Secrets to Making Spam Musubi, Part 2

In our previous post on Secrets to Making Spam Musubi, I talked about the type of rice (short grain) and type of Spam (regular, NOT low-fat) to use in making this perfect Hawaiian meal-to-go. Now I want to talk about the 3rd major ingredient: the nori (Japanese dried seaweed).

In the Asian aisle of your local supermarket, you will probably be able to find Japanese nori for making sushi. It is extremely flat, slightly bitter to the taste, and tough like construction paper. This type of nori may be great for making sushi, but it is not so good for Spam musubi.

Let me tell you why.

Nori for sushi has to be tough in order for it to stand up to the rolling, pressing and cutting involved in making the maki-zushi rolls that most people call sushi. But it’s okay, because usually these rolls are cut into chunks which you can pop in your mouth in one bite.

Unless you eat like Joey Chestnut, you won’t be able to fit one of these Spam musubi in your mouth in one bite.

Normal people take several bites to finish a Spam musubi. Since sushi nori is so tough, when you bite into it, it will push the rice and Spam out the back end, creating a sticky mess. What we need is a seaweed sheet that is tough enough to hold everything together yet brittle enough to break off when bitten.

SECRET #4: Use Korean roasted seaweed instead of Japanese sushi nori. Korean roasted seaweed is thinner and more brittle than Japanese sushi nori, so that when you bite into it, it will break off instead of squeeze together. I think that the flavor of Korean roasted seaweed is better, too – sweet and salty, not as bitter.

Step 5: Cut the seaweed sheets into strips of even width. A single, whole seaweed sheet is large enough to wrap two or three Spam musubi. You need to cut that sheet into strips that are as wide as the Spam slices. Most people would take the sheet out of the package and cut them up. But because the Korean roasted seaweed sheets are so brittle, you will get flakes of seaweed all over your kitchen counter.

Here’s a trick to make cutting seaweed sheets up a little cleaner. SECRET #5: Cut them up while still in the package.

If don’t use up all the strips of seaweed this time, you can just save the rest in a Ziploc bag for later. Or you could cut the unused seaweed into smaller, snack-size strips and munch on them.By the way, before you cut through package of seaweed sheets, watch out for the little packet of silica gel beads in there. You do not want to cut through that, or else you’ll have tiny clear beads all over your kitchen table. Don’t ask me how I know.

Step 6: Assemble the musubi. SECRET #6: Assembling will be much easier if you use a special Spam musubi mold. I got mine from Long’s Drugs in Honolulu. If you don’t happen to live in Hawaii or know anyone who can get you one from there, shoot us an email (see the About Us page)and we’ll see if we can get you one.

Lay down a strip of seaweed. Place the mold across the middle of the strip. Lay down a slice of fried Spam. Scoop in about a cup of cooked rice on top of the Spam.

Push the top of the mold onto the rice and press down firmly. While holding the top on the rice, pull the mold up off the musubi. Lift off the top. Wrap the seaweed strip tightly around the musubi.With enough practice, it only takes a minute to wrap one.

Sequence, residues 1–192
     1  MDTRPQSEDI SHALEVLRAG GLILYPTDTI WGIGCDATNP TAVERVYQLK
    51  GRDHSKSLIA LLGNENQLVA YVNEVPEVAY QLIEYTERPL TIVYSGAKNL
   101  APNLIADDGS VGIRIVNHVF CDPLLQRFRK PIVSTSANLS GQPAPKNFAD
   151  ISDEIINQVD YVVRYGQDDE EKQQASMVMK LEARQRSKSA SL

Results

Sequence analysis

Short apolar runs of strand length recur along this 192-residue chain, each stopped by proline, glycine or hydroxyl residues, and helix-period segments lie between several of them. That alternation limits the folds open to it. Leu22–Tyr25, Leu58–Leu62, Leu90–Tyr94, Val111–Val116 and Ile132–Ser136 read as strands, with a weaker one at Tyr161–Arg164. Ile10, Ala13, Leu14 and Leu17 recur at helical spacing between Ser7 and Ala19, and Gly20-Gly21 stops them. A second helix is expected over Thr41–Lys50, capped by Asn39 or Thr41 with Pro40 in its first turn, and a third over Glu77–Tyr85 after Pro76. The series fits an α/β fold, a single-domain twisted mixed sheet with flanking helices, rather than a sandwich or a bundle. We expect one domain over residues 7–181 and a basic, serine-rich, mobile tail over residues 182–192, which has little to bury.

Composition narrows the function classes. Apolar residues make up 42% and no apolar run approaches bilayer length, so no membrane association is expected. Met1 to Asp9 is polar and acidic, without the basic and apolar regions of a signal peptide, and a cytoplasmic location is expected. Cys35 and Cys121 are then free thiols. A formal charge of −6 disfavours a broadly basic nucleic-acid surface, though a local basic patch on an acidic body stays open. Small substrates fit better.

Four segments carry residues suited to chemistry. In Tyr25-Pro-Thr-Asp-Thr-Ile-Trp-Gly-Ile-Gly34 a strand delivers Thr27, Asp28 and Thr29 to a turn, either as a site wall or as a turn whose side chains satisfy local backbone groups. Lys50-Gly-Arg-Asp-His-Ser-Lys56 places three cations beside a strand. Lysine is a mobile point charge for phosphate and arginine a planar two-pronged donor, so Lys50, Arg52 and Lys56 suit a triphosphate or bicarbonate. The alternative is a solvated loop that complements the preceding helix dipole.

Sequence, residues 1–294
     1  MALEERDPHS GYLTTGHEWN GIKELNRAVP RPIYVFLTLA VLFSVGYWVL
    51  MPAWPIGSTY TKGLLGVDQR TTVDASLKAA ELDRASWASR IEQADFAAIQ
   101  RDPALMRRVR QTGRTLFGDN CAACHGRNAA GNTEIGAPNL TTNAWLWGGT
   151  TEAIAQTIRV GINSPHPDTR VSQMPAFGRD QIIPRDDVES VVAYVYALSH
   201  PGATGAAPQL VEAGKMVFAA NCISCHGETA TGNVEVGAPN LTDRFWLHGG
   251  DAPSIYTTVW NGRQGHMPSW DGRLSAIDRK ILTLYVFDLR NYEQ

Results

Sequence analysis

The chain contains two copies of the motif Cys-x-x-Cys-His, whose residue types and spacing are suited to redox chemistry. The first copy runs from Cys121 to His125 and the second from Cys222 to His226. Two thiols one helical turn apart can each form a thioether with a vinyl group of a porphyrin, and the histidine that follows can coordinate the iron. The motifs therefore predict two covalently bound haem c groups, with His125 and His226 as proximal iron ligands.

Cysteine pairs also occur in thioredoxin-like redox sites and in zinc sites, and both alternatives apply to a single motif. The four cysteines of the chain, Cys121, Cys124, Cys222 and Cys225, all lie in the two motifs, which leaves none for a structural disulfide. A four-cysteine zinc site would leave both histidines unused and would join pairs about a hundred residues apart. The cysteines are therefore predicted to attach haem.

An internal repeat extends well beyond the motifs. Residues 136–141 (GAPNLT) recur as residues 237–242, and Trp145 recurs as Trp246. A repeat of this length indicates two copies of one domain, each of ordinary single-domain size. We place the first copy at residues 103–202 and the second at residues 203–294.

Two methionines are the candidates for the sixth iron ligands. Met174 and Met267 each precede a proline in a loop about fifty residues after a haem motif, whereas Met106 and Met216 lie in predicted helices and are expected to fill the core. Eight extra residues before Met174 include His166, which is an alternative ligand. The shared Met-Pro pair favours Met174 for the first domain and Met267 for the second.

Set the finished Spam musubi aside and repeat until you’ve wrapped them all. If you’re making a lot for a party, you can cut each Spam musubi in half. Enjoy!

Aloha, Nate

7 thoughts on “Secrets to Making Spam Musubi, Part 2”

  1. >I've just found your blog and have subscribed. Wonderful to see the recipe for musubi as I used to make them by hand with umeboshi in the centre. Da guys were impressed that a haole could master "the art"!

  2. >I've also used the empty spam can as a mold when I've been in a pinch, FYI.

    – Still one of your biggest fans!

  3. >randomly found this post after doing a search for pandan waffles. i have always felt frustrated making spam musubi!! but after reading your post i feel so empowered to try again. thanks for the *tips* e.g. korean seaweed and especially the youtube clip of actually wrapping one.

  4. >@all – thanks for your comments!

    @Vivian – I love a musubi with ume in the middle…especially if they're ume from Wakayama.

    @Sonya – thanks! I've always been scared of cutting myself when using a Spam can to make the musubi.

    @Lia – you're welcome! I hope you find our site useful and come back often.

  5. >Big mahalo for turning me on to Korean roasted seaweed! I was at the Asian market last night and decided to look for it after your post piqued my curiosity. Hoooo, da buggah even mo ono den ajitsuke nori!

  6. Thanks for the tip about using Korean nori. Was always wondering which type to buy since there are literally dozens of types. Good tip about using shoyu and sugar. You do best.

  7. Just my theory or thoughts; Musubi is Japanese for “rice ball” usually with “ume-boshi” or other filler in the middle therefore, I sandwich the sliced Spam (cooked with soy sauce, oyster sauce and sugar) in-between two layers of plain cooked rice. “Sushi” on the other and, especially “nigiri zushi” is rice ball layered with slice of raw fish; “maguro” or tuna on top . For this reason “Spam Sushi” I make with the Spam slice on top and use “sushi rice”. Both are wrapped with “nori”. I fan the sheet of “nori” over the stove top (on high) several times to try to get any moisture out of it. This procedure makes the “nori” more crisp, easier to bite.

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